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Second in a series
Small batch artisan bakery specializing in sourdough and wild yeast breads, sold at farmer’s markets and specialty food stores in the Tampa Bay area.
Relocating to Florida in the heat of summer. Starting a bakery business without prior experience in the food industry. Each is a daunting move in itself. So imagine the guts it would take to do both at the same time.
“It was definitely a leap of faith for us,” says Christina Cann, who moved from Pittsburgh with her husband, Brett Wiewiora, to start a business based on his longtime passion for baking sourdough bread. Add their toddler to the mix and, yes, “it took a full amount of courage for sure.”
It was actually daughter Julia, now 3, who was a major motivation for the decision to leave their jobs and do something completely different, even though both have master’s degrees in public policy and management.
“She was a big impetus, because we wanted to do something where we could all be together as a family,” says Christina, adding that visitors to their booth at markets will usually see little Julia playing in her castle tent.
The idea started when Christina’s family migrated to Riverview. Then the couple saw an opportunity here that didn’t exist in Pittsburgh.
“One of the things that really drew us to Tampa is the farmer’s market culture. In Pittsburgh, you have just a three- to four-month window with the weather,” says Christina. With some Tampa area markets open year-round, “that enabled us to focus on this as a full-time venture vs. just part-time in the summer.”
An avid baker since his teens, Brett became keenly interested in sourdough breads, which are made
Fresh concept: Small batch artisan bakery specializing in sourdough and wild yeast breads, sold at farmer’s markets and specialty food stores in the Tampa Bay area.
from wild yeast instead of the commercial yeast that comes from a store. The sourdough process -- which is how all breads were made until commercial yeast became available about 100 years ago -- begins with a “starter” by mixing flour and water in a jar and leaving it on the counter, Christina explains. After a couple of days, wild yeast starts colonizing. Over time, “you have to feed it and take care of it and it provides the base for the distinctive sour taste that people love in sourdough,” she says. “We created our starter about five years ago.”
One interesting characteristic of the wild yeast in a sourdough starter is it will change and take on new flavors based on the location. “When you move, the local yeast takes over. We actually had to adjust some of our recipes because it takes longer here to bring out the sour flavor that everyone loves,” Christina says.
Equipped with an eclectic mix of traditional sourdough and sweetbread recipes, the couple made their debut on July 4, 2015. “Independence Day seemed the perfect time to start our own business,” says Christina.
So far, taking that double leap to move to Florida and start a bread business has proven worth the risk. Based on their business plan, they’ve met or exceeded their goals, says Christina. “We’re right on the cusp” of the business fully supporting them after relying on savings to get started. “That’s pretty impressive since we just launched last year. We’re both in it together, going full throttle. We’re very encouraged and heartened by the support and loyal customers.”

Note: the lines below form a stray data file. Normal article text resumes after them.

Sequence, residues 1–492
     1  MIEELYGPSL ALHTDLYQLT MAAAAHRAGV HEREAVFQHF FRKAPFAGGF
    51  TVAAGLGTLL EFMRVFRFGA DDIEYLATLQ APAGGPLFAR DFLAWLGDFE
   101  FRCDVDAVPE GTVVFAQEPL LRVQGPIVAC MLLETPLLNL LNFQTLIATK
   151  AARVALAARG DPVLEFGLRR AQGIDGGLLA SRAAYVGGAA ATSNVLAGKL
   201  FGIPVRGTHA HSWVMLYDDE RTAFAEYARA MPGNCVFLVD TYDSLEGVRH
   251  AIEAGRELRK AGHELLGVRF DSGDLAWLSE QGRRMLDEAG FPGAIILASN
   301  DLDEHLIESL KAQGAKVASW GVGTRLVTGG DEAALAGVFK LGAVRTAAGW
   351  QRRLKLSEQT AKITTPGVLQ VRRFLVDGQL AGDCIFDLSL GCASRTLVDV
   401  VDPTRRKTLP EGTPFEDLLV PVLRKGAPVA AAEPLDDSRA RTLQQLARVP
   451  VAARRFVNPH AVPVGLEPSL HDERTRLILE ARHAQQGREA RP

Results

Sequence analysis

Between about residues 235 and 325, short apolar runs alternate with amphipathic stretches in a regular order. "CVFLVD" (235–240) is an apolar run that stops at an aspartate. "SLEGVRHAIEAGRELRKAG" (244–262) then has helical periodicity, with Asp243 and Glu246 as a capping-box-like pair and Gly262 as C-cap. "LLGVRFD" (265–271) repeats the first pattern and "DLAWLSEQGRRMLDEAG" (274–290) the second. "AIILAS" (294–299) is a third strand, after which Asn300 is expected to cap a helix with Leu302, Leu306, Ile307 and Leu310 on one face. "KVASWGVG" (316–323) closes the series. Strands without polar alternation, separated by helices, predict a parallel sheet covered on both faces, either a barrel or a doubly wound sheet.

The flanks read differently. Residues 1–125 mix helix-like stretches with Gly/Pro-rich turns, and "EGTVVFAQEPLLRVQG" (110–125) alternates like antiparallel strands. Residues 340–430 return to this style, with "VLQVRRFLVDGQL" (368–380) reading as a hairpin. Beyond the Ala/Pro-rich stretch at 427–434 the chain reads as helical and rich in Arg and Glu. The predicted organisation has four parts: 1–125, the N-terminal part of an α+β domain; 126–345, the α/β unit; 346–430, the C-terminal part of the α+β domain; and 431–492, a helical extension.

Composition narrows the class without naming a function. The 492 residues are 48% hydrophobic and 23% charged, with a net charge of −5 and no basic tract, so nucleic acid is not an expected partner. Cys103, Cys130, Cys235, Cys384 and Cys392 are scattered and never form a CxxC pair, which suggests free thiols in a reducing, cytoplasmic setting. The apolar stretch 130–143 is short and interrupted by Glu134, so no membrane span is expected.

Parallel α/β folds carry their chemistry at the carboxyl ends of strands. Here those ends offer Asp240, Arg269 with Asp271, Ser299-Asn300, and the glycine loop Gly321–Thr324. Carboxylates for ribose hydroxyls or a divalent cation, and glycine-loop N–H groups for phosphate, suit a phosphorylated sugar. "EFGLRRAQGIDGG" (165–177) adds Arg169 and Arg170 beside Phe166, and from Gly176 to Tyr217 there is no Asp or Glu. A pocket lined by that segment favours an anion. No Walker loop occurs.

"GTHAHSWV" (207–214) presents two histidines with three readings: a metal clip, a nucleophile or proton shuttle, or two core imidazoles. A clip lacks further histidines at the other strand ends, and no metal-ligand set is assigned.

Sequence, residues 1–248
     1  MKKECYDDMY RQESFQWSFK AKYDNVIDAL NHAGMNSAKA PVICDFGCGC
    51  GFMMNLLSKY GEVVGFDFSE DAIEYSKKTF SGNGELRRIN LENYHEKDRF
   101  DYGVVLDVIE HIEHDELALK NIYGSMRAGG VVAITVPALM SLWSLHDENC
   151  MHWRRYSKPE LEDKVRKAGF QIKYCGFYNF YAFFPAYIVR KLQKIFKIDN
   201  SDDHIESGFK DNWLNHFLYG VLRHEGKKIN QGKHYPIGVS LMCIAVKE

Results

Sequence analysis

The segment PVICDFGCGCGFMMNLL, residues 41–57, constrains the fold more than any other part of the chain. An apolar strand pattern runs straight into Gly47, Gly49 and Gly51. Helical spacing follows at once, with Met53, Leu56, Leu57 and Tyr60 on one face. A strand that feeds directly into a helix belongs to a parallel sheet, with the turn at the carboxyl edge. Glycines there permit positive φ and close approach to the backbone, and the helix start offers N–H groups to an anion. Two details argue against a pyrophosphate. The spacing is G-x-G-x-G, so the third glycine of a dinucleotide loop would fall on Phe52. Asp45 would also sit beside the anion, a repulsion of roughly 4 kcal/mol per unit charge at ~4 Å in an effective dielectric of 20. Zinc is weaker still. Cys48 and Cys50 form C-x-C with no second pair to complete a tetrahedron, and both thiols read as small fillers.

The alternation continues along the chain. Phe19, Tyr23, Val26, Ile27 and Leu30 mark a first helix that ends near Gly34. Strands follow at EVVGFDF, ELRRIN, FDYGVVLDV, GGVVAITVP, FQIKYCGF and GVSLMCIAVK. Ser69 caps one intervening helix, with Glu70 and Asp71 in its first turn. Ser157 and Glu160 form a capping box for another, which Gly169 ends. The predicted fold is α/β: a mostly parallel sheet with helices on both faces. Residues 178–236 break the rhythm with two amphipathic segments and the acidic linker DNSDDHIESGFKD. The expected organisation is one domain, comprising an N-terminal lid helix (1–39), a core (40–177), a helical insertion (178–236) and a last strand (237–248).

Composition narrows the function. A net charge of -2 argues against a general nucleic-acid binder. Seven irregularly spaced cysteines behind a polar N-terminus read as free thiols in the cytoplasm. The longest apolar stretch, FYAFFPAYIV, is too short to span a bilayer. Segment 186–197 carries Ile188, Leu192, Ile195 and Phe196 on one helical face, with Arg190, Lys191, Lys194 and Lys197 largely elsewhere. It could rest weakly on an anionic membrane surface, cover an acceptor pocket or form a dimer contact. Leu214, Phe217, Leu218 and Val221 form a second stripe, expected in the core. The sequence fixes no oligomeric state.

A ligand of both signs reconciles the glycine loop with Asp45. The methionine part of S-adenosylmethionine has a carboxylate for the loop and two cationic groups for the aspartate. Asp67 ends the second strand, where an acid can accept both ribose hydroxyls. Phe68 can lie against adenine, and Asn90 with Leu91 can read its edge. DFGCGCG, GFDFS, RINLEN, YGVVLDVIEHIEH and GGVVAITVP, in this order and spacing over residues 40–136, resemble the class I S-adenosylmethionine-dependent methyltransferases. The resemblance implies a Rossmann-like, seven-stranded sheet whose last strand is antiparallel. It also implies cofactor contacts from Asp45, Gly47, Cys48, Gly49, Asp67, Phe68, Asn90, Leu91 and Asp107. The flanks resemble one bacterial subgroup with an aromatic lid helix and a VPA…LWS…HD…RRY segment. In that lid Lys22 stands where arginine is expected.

Beginning with one community market, Gulf Coast Sourdough & Wild Yeast Breads
quickly expanded to participate in five markets in addition to landing shelf space at three Tampa specialty grocery stores. Despite being new to the area, they’ve built a strong following on Facebook and happily give tips to sourdough fans interested in baking their own bread. This is paying off through Brett’s popular sourdough baking classes at the Rolling Pin Kitchen Emporium
What’s on the menu:
The top-seller is Babka, an Eastern European dessert bread made from brioche dough with chocolate cinnamon swirls and streusel on top. Other sweets include a Cinnamon Swirl Loaf and Cinnamon Rolls. Two recipes celebrate their new Florida home: The Sand Dollar Sourdough, a traditional round loaf topped with a distinctive pattern that earns its name, and the Beach Baguette, a multigrain packed with walnuts, sunflower seeds and flaxseeds. View the full lineup at GulfCoastSourdough.com.
Where to buy:
Available daily at Bayshore Market in the Ballast Point neighborhood and two Duckweed Urban Market
locations in downtown Tampa and Channelside, Gulf Coast Sourdough is on hand every Saturday at either the Fresh Market at Wiregrass
in Wesley Chapel in Pasco County or Ybor City Saturday Market
in Tampa. Check their Facebook page for their full market schedule.
The next course:
The couple has plans to expand soon by selling at more store locations and possibly restaurants. Long range, they’d like to use their education in social enterprise to develop a concept for bread based on the community supported agriculture (CSA) model, which has become a popular way for customers to buy local, seasonal food directly from farmers through memberships or shares.
Food for thought:
If you’re thinking about launching a food venture, then “go for it, because there’s a lot of great support here,” says Christina. “Keep an open mind, think about the connections you can make, look for collaborative opportunities and cultivate those relationships.” For example, she says Kristin Kitts, owner of Your Pro Kitchen
in south Tampa, where they rent commercial kitchen space, has helped them with practical advice as well as networking and introductions to potential wholesale clients.
83 Degrees Media's series on foodie entrepreneurs: